Cyber Spies in London Recycle Bins Told to Move On

Cyber Spies in London Recycle Bins Told to Move On
Cyber Spies in London Recycle Bins Told to Move On

Quartz, which first reported the news, explains: "Renew, the startup behind the scheme, installed 100 recycling bins with digital screens around London before the 2012 Olympics. Advertisers can buy space on the internet-connected bins, and the city gets 5% of the airtime to display public information." 

More recently, it adds, Renew London "outfitted a dozen of the bins with gadgets that track smartphones." The purpose was to recognize and allow tracking on passing phones. "That allows Renew to identify if the person walking by is the same one from yesterday, even her specific route down the street and how fast she is walking," reported Quartz. Renew could then sell targeted advertising on its recycle bins.

The first problem is that this is done without any reference to or knowledge of the phone owners. The second problem is that Renew thinks it is doing nothing wrong. "London is the most heavily surveillanced city in the world," Renew CEO Kaveh Memari told Quartz... As long as we don’t add a name and home address, it’s legal.”

Needless to say, not everyone agrees. Big Brother Watch issued a stinging rebuke. "I don’t care what they were using this data for, or intending to use it for," wrote Alex Deane – now a 'Common Councilman' in the City of London. "You’ve got no right to snatch data from the airwaves like this, no matter what your ostensible motive and no matter how innocent your alleged plans. This behavior is wrong in and of itself and it is a good thing that this case has resulted in controversy for those carrying it out and attention for the issue; all the better as it has happened early in the development of this technology – or at least, this latest iteration of it."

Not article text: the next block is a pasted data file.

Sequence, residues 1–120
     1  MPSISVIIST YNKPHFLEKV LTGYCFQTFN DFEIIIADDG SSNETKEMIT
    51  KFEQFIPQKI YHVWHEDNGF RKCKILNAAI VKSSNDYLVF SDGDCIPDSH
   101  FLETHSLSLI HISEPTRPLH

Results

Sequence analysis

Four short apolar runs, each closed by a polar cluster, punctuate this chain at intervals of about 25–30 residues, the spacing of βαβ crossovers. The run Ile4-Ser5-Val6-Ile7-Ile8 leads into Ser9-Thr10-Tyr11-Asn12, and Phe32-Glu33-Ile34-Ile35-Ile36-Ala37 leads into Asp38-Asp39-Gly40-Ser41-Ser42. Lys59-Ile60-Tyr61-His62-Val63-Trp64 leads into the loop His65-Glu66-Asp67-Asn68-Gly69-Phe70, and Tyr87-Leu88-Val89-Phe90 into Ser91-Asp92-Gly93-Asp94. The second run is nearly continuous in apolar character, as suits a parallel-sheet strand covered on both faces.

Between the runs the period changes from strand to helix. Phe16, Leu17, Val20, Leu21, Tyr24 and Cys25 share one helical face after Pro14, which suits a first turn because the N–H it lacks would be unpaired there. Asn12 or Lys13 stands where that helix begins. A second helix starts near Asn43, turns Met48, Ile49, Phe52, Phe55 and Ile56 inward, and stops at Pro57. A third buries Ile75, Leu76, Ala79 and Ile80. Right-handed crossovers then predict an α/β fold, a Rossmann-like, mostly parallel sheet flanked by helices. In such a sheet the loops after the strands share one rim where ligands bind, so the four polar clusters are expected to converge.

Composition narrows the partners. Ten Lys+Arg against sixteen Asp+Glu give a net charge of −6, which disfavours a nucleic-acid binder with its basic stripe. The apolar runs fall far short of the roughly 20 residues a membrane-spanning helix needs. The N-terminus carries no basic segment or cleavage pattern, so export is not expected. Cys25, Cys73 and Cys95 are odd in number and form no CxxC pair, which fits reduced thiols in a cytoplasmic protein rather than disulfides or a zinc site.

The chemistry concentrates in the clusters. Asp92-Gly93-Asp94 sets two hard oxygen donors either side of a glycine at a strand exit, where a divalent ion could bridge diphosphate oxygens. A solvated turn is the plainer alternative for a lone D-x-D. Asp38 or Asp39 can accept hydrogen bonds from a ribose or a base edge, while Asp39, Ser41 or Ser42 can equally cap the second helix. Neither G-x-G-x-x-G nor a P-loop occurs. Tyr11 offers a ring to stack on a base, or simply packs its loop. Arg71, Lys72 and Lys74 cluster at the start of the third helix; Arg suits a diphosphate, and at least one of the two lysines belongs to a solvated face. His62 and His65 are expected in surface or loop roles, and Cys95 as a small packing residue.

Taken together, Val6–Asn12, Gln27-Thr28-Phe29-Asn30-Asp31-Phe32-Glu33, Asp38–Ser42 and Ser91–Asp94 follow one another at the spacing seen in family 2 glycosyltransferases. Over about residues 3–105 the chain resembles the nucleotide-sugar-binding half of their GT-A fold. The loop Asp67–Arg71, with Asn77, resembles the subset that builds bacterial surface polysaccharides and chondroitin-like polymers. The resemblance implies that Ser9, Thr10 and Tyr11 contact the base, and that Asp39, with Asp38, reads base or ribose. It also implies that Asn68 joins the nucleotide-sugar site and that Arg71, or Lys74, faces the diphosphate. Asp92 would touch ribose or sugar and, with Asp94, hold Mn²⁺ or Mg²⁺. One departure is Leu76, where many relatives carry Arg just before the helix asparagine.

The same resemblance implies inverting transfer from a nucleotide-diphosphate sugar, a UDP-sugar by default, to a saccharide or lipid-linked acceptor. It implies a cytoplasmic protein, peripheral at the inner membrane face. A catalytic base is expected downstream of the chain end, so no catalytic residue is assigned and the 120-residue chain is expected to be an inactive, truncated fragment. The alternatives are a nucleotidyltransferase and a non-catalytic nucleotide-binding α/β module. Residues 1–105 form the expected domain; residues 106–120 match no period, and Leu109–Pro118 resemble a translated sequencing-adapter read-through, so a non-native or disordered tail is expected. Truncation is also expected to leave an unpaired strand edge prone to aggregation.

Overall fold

The BBC says that legally it is a grey area. It suggests that the collection of anonymous data through MAC addresses is legal in the UK, but compares the practice to that of using cookies on the internet where users have to be informed and given the opportunity to opt out. It would seem to be a valid analogy since "Presence Orb, the company that provides the tracking technology to Renew London, calls its service 'a cookie for the real world.'"

Renew London has now ceased and desisted; but has not ruled out restarting in the future. In its own statement Memari calls the news stories and headlines "an emphasis on style over substance that makes our technology trial slightly more interesting than it is." He confirms that "the initial trials of the Renew Orb technology have ceased", but clearly doesn't think the wifi snooping was doing anything wrong.

Meanwhile, Big Brother Watch referred the matter to the ICO. The ICO told Infosecurity in an emailed statement, “Any technology that involves the processing of personal information must comply with the Data Protection Act. We are aware of the concerns being raised over the use of these bins and will be making enquiries to establish what action, if any, is required.”

But even if the ICO concludes that Renew London's action was perfectly legal, it will need the approval of the City of London to restart in the future – and that, on current evidence, seems unlikely.

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